Cardiovascular and non-cardiovascular death distinction: the utility of troponin beyond N-terminal pro-B-type natriuretic peptide. Findings from the BIOSTAT-CHF study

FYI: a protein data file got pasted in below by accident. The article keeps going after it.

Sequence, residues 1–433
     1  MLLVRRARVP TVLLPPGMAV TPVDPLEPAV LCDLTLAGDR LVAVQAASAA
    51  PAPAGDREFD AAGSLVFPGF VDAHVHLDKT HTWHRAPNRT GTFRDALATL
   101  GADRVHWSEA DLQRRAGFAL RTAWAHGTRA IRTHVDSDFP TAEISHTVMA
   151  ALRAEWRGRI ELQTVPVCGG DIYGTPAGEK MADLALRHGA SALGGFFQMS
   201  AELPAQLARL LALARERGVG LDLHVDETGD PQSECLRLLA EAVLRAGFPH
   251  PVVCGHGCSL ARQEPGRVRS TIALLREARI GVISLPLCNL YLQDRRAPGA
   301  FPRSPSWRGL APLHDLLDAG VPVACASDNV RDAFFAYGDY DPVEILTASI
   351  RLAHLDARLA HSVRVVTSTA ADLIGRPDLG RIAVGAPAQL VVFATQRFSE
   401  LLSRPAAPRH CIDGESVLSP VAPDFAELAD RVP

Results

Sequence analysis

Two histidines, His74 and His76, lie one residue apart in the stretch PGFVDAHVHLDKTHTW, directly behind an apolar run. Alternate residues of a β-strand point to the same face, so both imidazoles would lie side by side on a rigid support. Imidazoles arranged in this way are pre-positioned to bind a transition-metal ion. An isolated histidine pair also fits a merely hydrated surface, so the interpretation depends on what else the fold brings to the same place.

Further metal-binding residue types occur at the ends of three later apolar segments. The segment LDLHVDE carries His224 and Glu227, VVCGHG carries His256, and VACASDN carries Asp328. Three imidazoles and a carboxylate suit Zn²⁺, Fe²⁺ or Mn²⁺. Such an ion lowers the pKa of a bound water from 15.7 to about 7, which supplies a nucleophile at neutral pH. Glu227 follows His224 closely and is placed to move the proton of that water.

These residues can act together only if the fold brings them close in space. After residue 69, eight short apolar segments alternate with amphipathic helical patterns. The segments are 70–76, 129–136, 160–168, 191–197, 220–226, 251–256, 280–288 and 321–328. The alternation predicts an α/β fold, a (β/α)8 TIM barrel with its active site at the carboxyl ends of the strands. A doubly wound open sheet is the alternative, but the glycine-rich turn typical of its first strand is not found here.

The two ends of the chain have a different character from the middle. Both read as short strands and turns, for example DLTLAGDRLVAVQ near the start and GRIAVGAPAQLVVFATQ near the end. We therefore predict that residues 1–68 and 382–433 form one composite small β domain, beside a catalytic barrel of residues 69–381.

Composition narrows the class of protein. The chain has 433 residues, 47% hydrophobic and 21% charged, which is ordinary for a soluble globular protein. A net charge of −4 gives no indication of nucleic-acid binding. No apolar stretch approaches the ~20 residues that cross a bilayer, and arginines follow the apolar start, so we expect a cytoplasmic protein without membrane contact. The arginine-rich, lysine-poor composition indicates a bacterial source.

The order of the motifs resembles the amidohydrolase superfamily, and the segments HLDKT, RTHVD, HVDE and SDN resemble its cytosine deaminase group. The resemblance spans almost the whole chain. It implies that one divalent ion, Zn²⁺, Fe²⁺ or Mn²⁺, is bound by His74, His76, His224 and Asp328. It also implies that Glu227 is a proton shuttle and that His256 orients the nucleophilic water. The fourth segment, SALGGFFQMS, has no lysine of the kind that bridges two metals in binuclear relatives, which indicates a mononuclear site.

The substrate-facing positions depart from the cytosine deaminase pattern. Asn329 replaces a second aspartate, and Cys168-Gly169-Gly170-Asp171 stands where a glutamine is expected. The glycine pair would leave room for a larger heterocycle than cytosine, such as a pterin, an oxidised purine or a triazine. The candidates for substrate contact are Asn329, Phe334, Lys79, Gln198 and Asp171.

Aims: Heart failure (HF) patients are at high-risk of cardiovascular (CV) events, including CV death. Nonetheless, a substantial proportion of these patients die from non-CV causes. Identifying patients at higher risk for each individual event may help selecting patients for clinical trials and tailoring cardiovascular therapies. The aims of the present study are to: (i) characterize patients according to CV vs. non-CV death; (ii) develop models for the prediction of the respective events; (iii) assess the models' performance to differentiate CV from non-CV death. Methods and results: This study included 2309 patients with HF from the BIOSTAT-CHF (a systems BIOlogy Study to TAilored Treatment in Chronic Heart Failure) study. Competing-risk models were used to assess the best combination of variables associated with each cause-specific death. Results were validated in an independent cohort of 1738 HF patients. The best model to predict CV death included low blood pressure, estimated glomerular filtration rate ≤ 60 mL/min, peripheral oedema, previous HF hospitalization, ischaemic HF, chronic obstructive pulmonary disease, elevated N-terminal pro-B-type natriuretic peptide (NT-proBNP), and troponin (c-index = 0.73). The non-CV death model incorporated age > 75 years, anaemia and elevated NT-proBNP (c-index = 0.71). Both CV and non-CV death rose by quintiles of the risk scores; yet these models allowed the identification of patients in whom absolute CV death rates clearly outweigh non-CV death ones. These findings were externally replicated, but performed worse in a less severely diseased population. Conclusions: Risk models for predicting CV and non-CV death allowed the identification of patients at higher absolute risk of dying from CV causes (vs. non-CV ones). Troponin helped in predicting CV death only, whereas NT-proBNP helped in the prediction of both CV and non-CV death. These findings can be useful both for tailoring therapies and for patient selection in HF trials in order to attain CV event enrichment.